Recent incidents not ‘accidental’, show ideological pattern: N. Ram

“When you concede fascism is staring you in the face, you overestimate your enemies”.

Updated - March 06, 2016 03:39 pm IST

Published - March 06, 2016 02:41 am IST - Mumbai

N. Ram, Chairman, Kasturi & Sons Ltd., flanked by CPI (M) leader Subhashini Ali and Professor Gopal Guru at a seminar in Mumbai on Saturday. Photo: Arunangsu Roy Chowdhury.

N. Ram, Chairman, Kasturi & Sons Ltd., flanked by CPI (M) leader Subhashini Ali and Professor Gopal Guru at a seminar in Mumbai on Saturday. Photo: Arunangsu Roy Chowdhury.

“The moment you concede that fascism is staring you in the face, you overestimate your enemies who are against pluralism and secularism,” said N. Ram, Chairman, Kasturi and Sons Ltd., on Saturday.

He was speaking at the first day of the two-day Mumbai Collective event, “Celebrating Freedom and Pluralism in Defence of Secularism” at the Y.B. Chavan Centre. The event started with an inaugural address by Professor R. Ramkumar of the Tata Institute of Social Sciences.

The Mumbai Collective represents a group of academics, activists, writers and journalists with a view ‘to bringing like-minded progressive people from different walks of life’ together.

The inaugural panel, comprising Mr. Ram and Professor Gopal Guru of the Centre of Political Studies, Jawaharlal Nehru University, spoke about restricted freedom of speech and nationalism respectively.

Mr. Ram noted that the slew of incidents in recent months were not merely “accidental” but clearly had a pattern in adherence to an ideology. But he refused to believe that this was the age of fascism.

Talking on nationalism and its state in India, Professor Guru said: “Nationalism isn’t sufficiently plural. The dominant definition is emotional, outward looking, and based on borders such as the Line of Control.”

A panel discussion, ‘Mumbai: 24 years after the 1992 riots’ with Naresh Feranandes, Editor, , and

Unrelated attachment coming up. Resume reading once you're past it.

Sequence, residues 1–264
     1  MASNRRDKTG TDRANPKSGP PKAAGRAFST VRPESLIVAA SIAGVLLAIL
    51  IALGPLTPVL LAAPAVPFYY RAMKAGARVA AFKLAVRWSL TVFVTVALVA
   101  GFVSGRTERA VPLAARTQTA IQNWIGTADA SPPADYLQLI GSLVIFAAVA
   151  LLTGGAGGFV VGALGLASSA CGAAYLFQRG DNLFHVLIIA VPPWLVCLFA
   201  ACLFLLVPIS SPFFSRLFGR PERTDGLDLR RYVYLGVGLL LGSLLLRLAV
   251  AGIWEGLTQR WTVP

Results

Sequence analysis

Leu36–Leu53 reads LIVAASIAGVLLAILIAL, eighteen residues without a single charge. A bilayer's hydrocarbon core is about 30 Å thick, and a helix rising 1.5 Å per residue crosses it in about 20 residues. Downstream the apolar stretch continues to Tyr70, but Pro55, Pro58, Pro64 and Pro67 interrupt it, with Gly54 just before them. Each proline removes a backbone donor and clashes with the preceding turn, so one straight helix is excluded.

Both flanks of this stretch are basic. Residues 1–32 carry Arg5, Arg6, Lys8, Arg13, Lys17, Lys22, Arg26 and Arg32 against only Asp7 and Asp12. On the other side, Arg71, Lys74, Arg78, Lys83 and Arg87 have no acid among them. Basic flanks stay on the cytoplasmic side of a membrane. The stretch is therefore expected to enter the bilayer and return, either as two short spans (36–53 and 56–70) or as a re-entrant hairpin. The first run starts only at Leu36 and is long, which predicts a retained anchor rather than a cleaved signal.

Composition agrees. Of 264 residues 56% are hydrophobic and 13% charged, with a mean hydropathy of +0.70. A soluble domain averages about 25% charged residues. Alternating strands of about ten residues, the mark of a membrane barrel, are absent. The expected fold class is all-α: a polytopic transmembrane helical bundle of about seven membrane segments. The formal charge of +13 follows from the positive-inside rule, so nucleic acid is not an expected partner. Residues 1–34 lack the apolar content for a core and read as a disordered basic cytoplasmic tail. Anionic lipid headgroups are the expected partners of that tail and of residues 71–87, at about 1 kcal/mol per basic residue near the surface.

Jyoti Punwani, independent journalist, talked about the increase in ‘ghettoisation’ in the city post-1992 riots.

“A historian’s dharma is to be vigilant to mythmaking,” said historian K.M. Shrimali as he spoke about ‘How the Sangh Parivar Rewrites History.’ Mr. Shrimali recounted several anecdotes of how the Sangh Parivar had sought to establish its own version of history in educational institutions.

History and facts played a significant role in another panel which sought to argue against the Hindutva appropriation of icons such as Dr. B.R. Ambedkar, Shivaji and Bhagat Singh. Chaman Lal, Professor of Indian languages at JNU, and an expert on Bhagat Singh, marvelled at how the freedom fighter has been appropriated as an icon by the Sangh Parivar. Bhagat Singh was, in fact, a prominent Marxist atheist. While CPI (M) member Ashok Dhawale sought to debunk the saffronised version of Shivaji and talked about his progressive tolerance of Muslims, former MP Prakash Ambedkar highlighted the ideological differences between the Sangh Parivar and Dr. Ambedkar’s philosophy.

Media and the crisis

The last panel discussion for the day was ‘Media and Communal Politics’ with journalists Nikhil Wagle, P. Sainath, Sashi Kumar, and Geeta Seshu.

While Ms. Seshu spoke about the failure of the media to regulate itself, Mr. Wagle opposed the manipulation of the media for communal gains. “These are the worst days in my 35 years of journalism because so much poison exists now,” Mr. Wagle said. “If you want to break democracy, secularism, and fraternity, you have to break the media first,” said Mr. Wagle. Sashi Kumar, the founder of Asianet and chairman of the Asian College of Journalism, said the job of free and truthful journalism is to “comfort the afflicted and afflict the comfortable”.

Mr. Sainath said the more the Indian population had become heterogeneous, the more the media was becoming homogenous with the corporatisation of the media. “We have reduced journalism to a revenue stream,” Mr. Sainath said, as he called the Indian media politically free but imprisoned by profit. He noted how the greatest exposures in journalism in the last decade had come not from mainstream journalists but people such as Julian Assange, Edward Snowden, and Chelsea Manning.

(The author is a freelance writer)

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